( Permalink: iptables: The Linux Firewall Administration Progra      Submitted by Noel Wed Nov 30, 2005 )

Quickley Debug PHP apps with PHPEclipse plug-in
This article details various methods for debugging PHP applications, including turning on error reporting in Apache and PHP, and by placing strategic print statements to locate the source of more difficult bugs through a simple example PHP script. The PHPEclipse plug-in for Eclipse, a slick development environment with real-time syntax parsing abilities, will also be covered, as well as the DBG debugger extension for PHPEclipse.

( Permalink: Quickley Debug PHP apps with PHPEclipse plug-in      Submitted by Anonymous Wed Nov 30, 2005 )

Reborn Mac mini in the living room
I remember someone (Cringly?) speculating on this sometime back. I think this is a great direction and can see myself buying one.
"Apple's Mac mini will be reborn as the digital hub centerpiece it was originally conceived to be, Think Secret sources have disclosed. The new Mac mini project, code-named Kaleidoscope, will feature an Intel processor and include both Front Row 2.0 and TiVo-like DVR functionality."
Think Secret - Road to Expo: Reborn Mac mini set to take over the living room

( Permalink: Reborn Mac mini in the living room      Submitted by Noel Wed Nov 30, 2005 )

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Interview with Release Engineer Scott Long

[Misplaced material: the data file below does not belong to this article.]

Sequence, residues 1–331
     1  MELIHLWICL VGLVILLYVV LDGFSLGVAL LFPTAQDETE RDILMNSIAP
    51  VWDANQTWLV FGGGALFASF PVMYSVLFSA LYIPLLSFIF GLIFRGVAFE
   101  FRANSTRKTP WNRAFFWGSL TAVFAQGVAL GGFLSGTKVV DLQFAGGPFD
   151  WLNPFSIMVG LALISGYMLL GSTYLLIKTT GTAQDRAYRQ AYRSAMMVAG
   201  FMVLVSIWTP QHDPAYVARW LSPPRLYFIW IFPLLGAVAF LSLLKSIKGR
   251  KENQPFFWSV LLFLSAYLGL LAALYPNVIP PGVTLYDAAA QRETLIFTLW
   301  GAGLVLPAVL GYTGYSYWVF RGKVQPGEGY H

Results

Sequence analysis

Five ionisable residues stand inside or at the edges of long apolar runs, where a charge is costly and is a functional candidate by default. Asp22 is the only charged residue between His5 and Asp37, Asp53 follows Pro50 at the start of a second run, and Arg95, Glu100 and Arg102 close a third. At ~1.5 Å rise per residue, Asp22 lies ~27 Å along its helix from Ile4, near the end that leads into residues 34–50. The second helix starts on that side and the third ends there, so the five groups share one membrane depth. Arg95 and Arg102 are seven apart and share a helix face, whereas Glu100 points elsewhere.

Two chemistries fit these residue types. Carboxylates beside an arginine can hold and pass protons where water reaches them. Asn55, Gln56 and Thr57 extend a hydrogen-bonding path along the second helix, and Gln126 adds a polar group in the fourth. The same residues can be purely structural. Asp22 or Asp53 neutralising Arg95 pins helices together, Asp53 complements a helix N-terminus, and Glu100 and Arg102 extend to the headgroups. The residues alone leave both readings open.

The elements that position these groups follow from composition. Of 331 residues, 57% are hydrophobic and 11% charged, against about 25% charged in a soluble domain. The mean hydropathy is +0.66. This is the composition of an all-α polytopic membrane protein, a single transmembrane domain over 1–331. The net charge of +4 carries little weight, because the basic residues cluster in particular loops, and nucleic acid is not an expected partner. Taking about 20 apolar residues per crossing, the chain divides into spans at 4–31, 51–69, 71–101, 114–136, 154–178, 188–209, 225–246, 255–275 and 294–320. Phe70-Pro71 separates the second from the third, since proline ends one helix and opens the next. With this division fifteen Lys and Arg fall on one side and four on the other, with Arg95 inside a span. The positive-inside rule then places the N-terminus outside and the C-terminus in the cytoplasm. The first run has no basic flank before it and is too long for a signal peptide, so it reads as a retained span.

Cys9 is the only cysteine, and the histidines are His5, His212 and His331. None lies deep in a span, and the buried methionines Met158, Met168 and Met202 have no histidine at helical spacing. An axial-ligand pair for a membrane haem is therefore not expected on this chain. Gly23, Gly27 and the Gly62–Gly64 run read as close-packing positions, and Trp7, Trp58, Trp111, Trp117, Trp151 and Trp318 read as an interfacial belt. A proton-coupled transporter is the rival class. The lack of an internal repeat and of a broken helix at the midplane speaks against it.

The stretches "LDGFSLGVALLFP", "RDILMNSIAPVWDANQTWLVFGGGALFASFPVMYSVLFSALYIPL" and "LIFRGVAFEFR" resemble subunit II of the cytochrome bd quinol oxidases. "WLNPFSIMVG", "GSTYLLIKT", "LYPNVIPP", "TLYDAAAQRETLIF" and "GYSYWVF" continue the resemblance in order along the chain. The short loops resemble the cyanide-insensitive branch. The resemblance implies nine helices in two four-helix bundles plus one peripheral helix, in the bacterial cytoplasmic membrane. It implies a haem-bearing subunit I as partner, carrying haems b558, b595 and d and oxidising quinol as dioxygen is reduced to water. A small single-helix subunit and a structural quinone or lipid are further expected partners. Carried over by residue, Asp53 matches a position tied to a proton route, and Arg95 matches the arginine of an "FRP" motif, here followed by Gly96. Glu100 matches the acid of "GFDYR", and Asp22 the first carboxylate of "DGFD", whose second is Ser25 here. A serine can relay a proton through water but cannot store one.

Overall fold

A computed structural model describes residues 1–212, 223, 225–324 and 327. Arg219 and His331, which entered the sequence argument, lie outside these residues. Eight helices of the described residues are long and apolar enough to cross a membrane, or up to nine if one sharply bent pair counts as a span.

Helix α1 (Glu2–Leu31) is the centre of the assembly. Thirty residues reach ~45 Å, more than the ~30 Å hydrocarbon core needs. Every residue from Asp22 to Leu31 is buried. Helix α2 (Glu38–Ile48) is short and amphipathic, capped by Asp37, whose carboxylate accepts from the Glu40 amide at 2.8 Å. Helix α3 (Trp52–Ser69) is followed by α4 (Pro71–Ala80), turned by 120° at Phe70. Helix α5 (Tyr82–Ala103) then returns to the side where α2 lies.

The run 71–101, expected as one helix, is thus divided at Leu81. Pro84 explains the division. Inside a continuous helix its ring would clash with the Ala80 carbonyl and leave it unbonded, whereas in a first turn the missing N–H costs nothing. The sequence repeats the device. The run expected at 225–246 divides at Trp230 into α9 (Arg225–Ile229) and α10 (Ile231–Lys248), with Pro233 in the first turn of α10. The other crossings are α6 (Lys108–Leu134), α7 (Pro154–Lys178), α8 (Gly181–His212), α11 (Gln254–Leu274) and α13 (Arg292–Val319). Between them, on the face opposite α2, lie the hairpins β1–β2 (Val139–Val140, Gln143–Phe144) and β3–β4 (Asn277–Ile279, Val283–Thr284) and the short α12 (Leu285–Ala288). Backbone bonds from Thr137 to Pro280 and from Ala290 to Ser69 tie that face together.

(Thu Oct 6, 2005)

Mac Mini Kiosk: Working with USB
(Thu Oct 6, 2005)

A first look at GIMP 2.4
(Thu Oct 6, 2005)

Review of Linux LiveCD Puppy
(Wed Oct 5, 2005)

Move from CVS to Subversion
(Wed Oct 5, 2005)

Connecting Bluetooth Cell to Linux
(Wed Oct 5, 2005)

Fast wireless robot prototyping
(Wed Oct 5, 2005)

$100 Linux Laptop
(Tue Oct 4, 2005)

Linux in Enterprise Is Already Prime Time
(Tue Oct 4, 2005)

A more secure glibc
(Tue Oct 4, 2005)

Take Charge of Processor Affinity
(Tue Oct 4, 2005)

Overview of Linux based PBX Asterisk
(Mon Oct 3, 2005)

Automate server farms and dynamic clusters
(Mon Oct 3, 2005)

Linux VoIP
(Mon Oct 3, 2005)

Building an Internet Radio
(Mon Oct 3, 2005)

Destroy your data with Darik's Boot and Nuke
(Fri Sep 30, 2005)

What is Gluecode and why should I care?
(Fri Sep 30, 2005)

Brute Force: Cracking the Data Encryption Standard
(Fri Sep 30, 2005)

Looking at Quartz
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NVIDIA SLI Linux Support
(Thu Sep 29, 2005)

High-Performance Linux Clustering
(Thu Sep 29, 2005)

Partial evaluation with regular expressions
(Thu Sep 29, 2005)

SooperLooper and more
(Thu Sep 29, 2005)

Map Software and a look at WW2D
(Wed Sep 28, 2005)

Build Slick Web sites
(Wed Sep 28, 2005)

Book Review: Pro DNS and BIND
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Overview of Firefox
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Maximize DB2 Performance on Linux
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Janet Theobroma
(Tue Sep 27, 2005)

Review: StarOffice 8